New Jersey Department of Agriculture has strong commitment to food safety
The New Jersey Department of Agriculture’s division of marketing and development is one of the leaders in the United States in implementing the Food Safety Modernization Act (FSMA) Produce Safety Rule.
In fact, the department has conducted 225 on-farm inspections and 95 on-farm readiness reviews so far this year.
“The department also performs USDA GAP/GHP, Harmonized, and Harmonized Plus audits. These audits review food-safety plans, records, documentation, procedures and practices of farms, storages, and distribution centers of fresh produce,” said NJDA Secretary Douglas Fisher.
“In any year, the department performs over 300 audits and inspections throughout the state,” he said.
The NJDA, in cooperation with Rutgers Cooperative Extension, The Northeast Center for Advanced Food Safety, FDA, and the National Association of State Departments of Agriculture, continues to develop educational and outreach programs to educate the produce industry on food safety.
“We continue to administer programs to assist the industry in implementing a food safety culture, rather than just meeting requirements of laws and standards,” Fisher said. “Food safety is an important mission for the NJDA because it is our responsibility to ensure the food supply — and all the different players within it — are operating in a safe and legal manner. This also bolsters the ability for New Jersey products to be marketed as healthy, and more importantly, safe.”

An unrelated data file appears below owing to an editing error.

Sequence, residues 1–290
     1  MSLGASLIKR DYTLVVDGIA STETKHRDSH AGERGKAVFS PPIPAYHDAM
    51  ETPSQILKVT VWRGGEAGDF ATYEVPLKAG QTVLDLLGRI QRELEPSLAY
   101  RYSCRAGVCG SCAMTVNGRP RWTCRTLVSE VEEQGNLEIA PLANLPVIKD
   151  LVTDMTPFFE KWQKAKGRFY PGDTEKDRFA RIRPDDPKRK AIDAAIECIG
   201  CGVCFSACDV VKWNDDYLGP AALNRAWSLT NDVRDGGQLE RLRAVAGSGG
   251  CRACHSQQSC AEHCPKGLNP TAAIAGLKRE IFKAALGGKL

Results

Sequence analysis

The world of food safety though is constantly evolving. At times, Fisher said, it is a challenge to be able to match the pace of rapidly changing — and sometimes competing —schools of thought.
Through cooperative agreements with FDA and USDA, the program is managed by Christian Kleinguenther, bureau chief of inspection and enforcement. Compliance is met through inspections and audits of food-safety programs, ensuring clients meet federal regulations.
New Jersey has a great deal of farms participating in on-farm food safety and many farms have been involved in some version of a documented program for decades.
“These farms have realized the benefit not only to health, but to the business end of marketing their products,” Fisher said. “So, the challenge is to those who have waited until FSMA became law. Now that the Produce Safety Rule is fully implemented, training and educating non-compliant farms keeps our team busy year-round.”
Thankfully, COVID-19 did not really impact the NJDA Food Safety Program.
“We continued to provide educational and outreach efforts virtually,” Fisher said. “We also performed on-site inspections and inspections as usual, with proper safety protocols in the form of PPE and social distancing in place.”
The NJDA preaches an “educate while we regulate” method when it comes to dealing with potentially problematic issues in the growing community. If the issue is a direct risk to public health, a non-compliance can be issued and can be turned over to the FDA or Department of Health.
“The NJDA also has a written recall program in place as well as a working relationship with the New Jersey Department of Health in the event that a food-safety issue occurs,” Fisher said. “The written recall plan can be distributed to growers with points of contact if they have an issue or suspect a food safety issue to be present.”